Today, Jackman is hotter than ever in his new movie, The Wolverine.
(Psst: Hugh Jackman is gay!)
What? Hugh Jackman is happily married!
(Psst: It’s a sham marriage! He’s really gay!)
You see what superheroes have to deal with?
But Hugh Jackman is not a superhero. He just plays one in the movies. And the gossip hurts.
“Reeling from the rumors”
The August 2013 issue of Good Housekeeping features the article, “Meet Mr. Romance: Hugh Jackman.” In the article Jackman discusses his life, his marriage, his family, and how he keeps the romance in his relationship with his wife of seventeen years, Deborra-Lee Furness—herself an accomplished actress.
Clearly, Jackman is a man deeply in love with his wife.
And yet, the rumors that Jackman is gay persist. It’s a common piece of gossip flung at just about any sexy, well-groomed male actor.
In a segment of the article titled “Reeling From the Rumors,” Jackman recounts how he shrugs it all off. “Whatever you want to believe, it’s up to you,” he says of the people circulating such rumors. “We really only get mad when there’s an element of truth, right?”
For his wife, however, it’s not so easy to shrug off the gossipy rumors. For her, the implication that her marriage is a sham, along with unflattering implications about her that accompany the rumors, get stuck in her craw.
Gossip is not a harmless pastime.
But the moral rules about gossip have been well-covered. So let’s lay out some practical guidelines.
When to speak and when to remain silent
“Silence is golden,” goes the old proverb.
Though there are times to speak, there are also times not to speak.
One of those times is when we don’t know whether something we’ve heard is true.
So here’s a practical guideline:
If you aren’t certain something is true, don’t repeat it!
It’s better to say nothing than to perpetuate something that may be a false rumor.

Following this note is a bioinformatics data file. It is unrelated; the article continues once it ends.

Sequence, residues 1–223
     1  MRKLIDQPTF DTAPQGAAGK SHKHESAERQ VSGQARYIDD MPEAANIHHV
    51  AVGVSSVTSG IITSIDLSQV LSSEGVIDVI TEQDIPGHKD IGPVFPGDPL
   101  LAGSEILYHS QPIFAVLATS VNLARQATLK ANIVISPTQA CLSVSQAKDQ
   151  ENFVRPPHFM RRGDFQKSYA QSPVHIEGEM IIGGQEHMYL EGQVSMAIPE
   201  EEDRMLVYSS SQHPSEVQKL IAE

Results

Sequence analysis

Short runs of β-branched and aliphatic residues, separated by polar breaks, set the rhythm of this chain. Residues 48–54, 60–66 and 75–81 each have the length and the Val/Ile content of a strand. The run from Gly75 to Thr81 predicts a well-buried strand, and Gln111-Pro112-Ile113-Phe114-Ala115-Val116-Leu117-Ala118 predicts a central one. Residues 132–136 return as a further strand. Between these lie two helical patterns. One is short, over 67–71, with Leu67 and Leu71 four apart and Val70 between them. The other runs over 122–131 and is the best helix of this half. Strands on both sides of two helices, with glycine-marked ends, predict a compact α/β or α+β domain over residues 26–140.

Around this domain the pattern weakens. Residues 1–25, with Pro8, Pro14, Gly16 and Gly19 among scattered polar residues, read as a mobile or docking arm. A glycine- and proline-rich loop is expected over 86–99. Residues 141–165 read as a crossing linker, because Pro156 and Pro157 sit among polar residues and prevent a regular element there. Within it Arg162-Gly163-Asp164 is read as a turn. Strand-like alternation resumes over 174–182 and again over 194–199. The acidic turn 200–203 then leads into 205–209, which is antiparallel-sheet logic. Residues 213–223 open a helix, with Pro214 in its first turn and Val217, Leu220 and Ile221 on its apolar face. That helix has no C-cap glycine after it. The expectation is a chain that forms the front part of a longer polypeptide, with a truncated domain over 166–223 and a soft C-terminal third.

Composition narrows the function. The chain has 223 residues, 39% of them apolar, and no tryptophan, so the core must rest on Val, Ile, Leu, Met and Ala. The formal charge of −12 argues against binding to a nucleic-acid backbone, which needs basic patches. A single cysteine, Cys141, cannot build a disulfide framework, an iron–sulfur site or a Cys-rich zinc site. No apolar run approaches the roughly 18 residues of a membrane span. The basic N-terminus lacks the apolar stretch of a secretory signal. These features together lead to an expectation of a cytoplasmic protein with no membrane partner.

Usually the intent of gossip and rumor is to make people look bad. Often it’s salacious and embarrassing. That’s the sort of stuff that seems “juicy” to those who like to feel that they’ve got the real goods on other people.
More often than not, it’s simply not true. And when we perpetuate false “information” about people, it hurts their reputation and makes life hard for them.
So it’s best to subject everything we hear to the truth test before repeating it.
If we hear something that we know is not true, we can:
- Say to the person who told us, “That’s not true!”
- Keep our silence, and not perpetuate the falsity
If we hear something that we’re not sure is true, or that we think might be false, we can:
- Talk directly to the people it’s about (if we know them), and hear their side of the story
- Talk to those who are close to the people it’s about, and hear their views
- If it’s about a public figure, research it in reputable news sources or standard biographies
What if we can’t determine whether it’s true or false?
Resist the urge to pass it on. If it turns out to be false, we’ve participated in a wrong against another person. Time will usually tell whether a rumor is true or false. Patience is a virtue.
Examining our motives
If we hear a juicy tidbit about someone we know or about some public figure, and we’re just aching to spread it around, it’s time to look at our own motives.
Why do we want to spread potentially damaging “information” about someone else?
- Does it give us a rush to feel like we’re in on secret information about someone?
- Does it make us feel superior to people who do that sort of thing?
- Are we jealous of that person’s looks, or wealth, or accomplishments?
- Do we actively dislike and want to hurt someone by spreading false rumors about them?
If we find these or any similar motives within ourselves for spreading rumors and gossip, it’s time to stop and think about just why we want to pass it on.
Because gossip and rumor does not hurt only the people it’s about.
It also hurts those who spread the gossip and rumor.
Of course, spreading gossip hurts us because those we tell it to will start to wonder what we’re saying about them behind their backs. Nobody trusts a gossip.
But on a deeper level, when we get pleasure out of dragging other people down and hurting their reputation, we breed a small and petty spirit within ourselves. Do we really want to wallow in mean-spirited jealousy and cattiness? Is that the sort of person we want to be?
Though we do hurt others through spreading false rumors about them, the deepest harm is to our own soul, our own spirit, our own life.
We humans are made for bigger things!
Rising above gossip and rumor
Our purpose on earth is to prepare ourselves for the human community of heaven. If, instead of finding fault and indulging in gossip, we look for the good in other people, we will build better relationships with our friends and family, create harmony and goodwill in our community, and lift up our own soul toward inner peace.
For more on the meaning and purpose of our life, see “Heaven, Regeneration, and the Meaning of Life on Earth.”